Slowly, hours of hard sailing under an tropical sun began to wear me down. Try as I might, I could make no ground to windward. Eventually, I tried to make progress into the wind by paddling my board and sail. Spray from the swell made seeing my way almost impossibly, as the salt stung my eyes to copious tears, and tired shoulder muscles protested at every stroke. I made ground, but modestly.

A Hobie Cat from our hotel approached and picked me up. However, my rig's windage now made it impossible for the instructor to tack the Hobie in - so back I went, into the sea. A second attempt was made a little late, with two boats - one Hobie for the board, one for the sail. Just then, I spotted a two-man open canoe approaching (this 400M from shore, well outside the shelter of the reef, top and centre of this map). This turned out to be my almost-seven-months-pregnant wife; not by any means a keen sailor, with very limited experience of boats and the sea, and far from comfortable in deep water, she nevertheless took it upon herself to bring me in, and did not turn a hair as she paddled past surf breaking on barely-awash coral and out into the Atlantic swell. She turned her little boat head to wind and waiting calmly as I struggled in over the stern, then handed me a spare paddle; we even beat one Hobie Cat back to the beach.

I should point out to any anxious readers that, even in the absence of outside help, I was not very likely to lose the number of my mess: I could have attempted to cross the westerly reef on which surf is breaking in the above link. Although this would not have done the rig much good, my chances of getting ashore would have been excellent. Alternatively, I could have jettisoned the sail, and paddled back on the board. In the event, I was very pleased to be rescued - and deeply, deeply impressed by the coolness and courage of my very-pregnant wife.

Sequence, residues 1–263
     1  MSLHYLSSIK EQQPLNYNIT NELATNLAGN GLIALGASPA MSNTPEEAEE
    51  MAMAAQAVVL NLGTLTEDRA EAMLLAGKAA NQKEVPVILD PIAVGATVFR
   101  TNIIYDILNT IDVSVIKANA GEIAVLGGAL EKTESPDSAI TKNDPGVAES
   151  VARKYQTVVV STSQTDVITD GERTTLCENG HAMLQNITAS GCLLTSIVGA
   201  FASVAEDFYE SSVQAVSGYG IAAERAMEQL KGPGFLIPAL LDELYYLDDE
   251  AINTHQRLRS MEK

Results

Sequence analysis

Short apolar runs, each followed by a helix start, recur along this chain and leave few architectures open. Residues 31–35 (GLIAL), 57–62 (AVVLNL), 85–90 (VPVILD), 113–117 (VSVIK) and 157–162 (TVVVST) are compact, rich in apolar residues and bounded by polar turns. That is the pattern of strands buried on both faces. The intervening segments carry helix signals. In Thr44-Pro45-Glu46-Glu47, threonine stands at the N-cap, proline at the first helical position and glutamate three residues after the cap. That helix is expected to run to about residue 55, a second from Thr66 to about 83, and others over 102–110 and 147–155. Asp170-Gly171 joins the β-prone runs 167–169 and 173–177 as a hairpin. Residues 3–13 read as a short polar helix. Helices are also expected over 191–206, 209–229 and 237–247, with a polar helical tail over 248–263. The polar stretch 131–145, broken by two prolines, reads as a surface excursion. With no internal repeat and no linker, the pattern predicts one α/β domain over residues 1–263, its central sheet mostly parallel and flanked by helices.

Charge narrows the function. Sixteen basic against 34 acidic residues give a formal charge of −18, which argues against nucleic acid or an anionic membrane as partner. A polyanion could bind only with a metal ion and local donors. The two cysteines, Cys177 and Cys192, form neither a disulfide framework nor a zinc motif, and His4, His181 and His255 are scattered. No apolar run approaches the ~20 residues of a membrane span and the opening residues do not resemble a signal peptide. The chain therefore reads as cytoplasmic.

Tuesday, April 15, 2008

On the Beach, Part 1

Nearly ten hours in the air took me across my local ocean to a middling-large island, and into an entirely different season. A couple of days of excessively easy living later, I stood on coral sands beneath a dark but starry sky and looked out to sea, past the gleam of surf on the reef, to where the stars met the water. Above and to the north, Polaris gleamed low in the sky... back in the tropics at last.

Wading into black waters, I'm soon at swimming depth, finning out towards the reef. My torch sends a thin cone of light down through the water column to search the sea-grass meadow below me. The winds and waves have generated a strong long-shore current, and keeping course is hard work. The first fish I find is hand-sized and very confused by my torch, which I hold at arms-length to my left: the little fish is fascinated by it and does not see the camera in my right hand, which comes too close to focus - within a foot.

That is the last fish I find for some time, though, and I've searched acres of shallow and empty meadow when a huge shape flaps out of the gloom only a few feet away, very nearly causing me to swallow my snorkel. The Ray twists and turns in the torchlight: I don't think it is pleased. Is it better to keep it lit up - but irritated - and know its position, or to let it go? After what feels like an eternity - perhaps 5 seconds - the ray makes my decision for me, and I'm alone again in the darkness. My only other find of the night is a porcupine fish, which appears untroubled by my light, secure within its formidable defenses.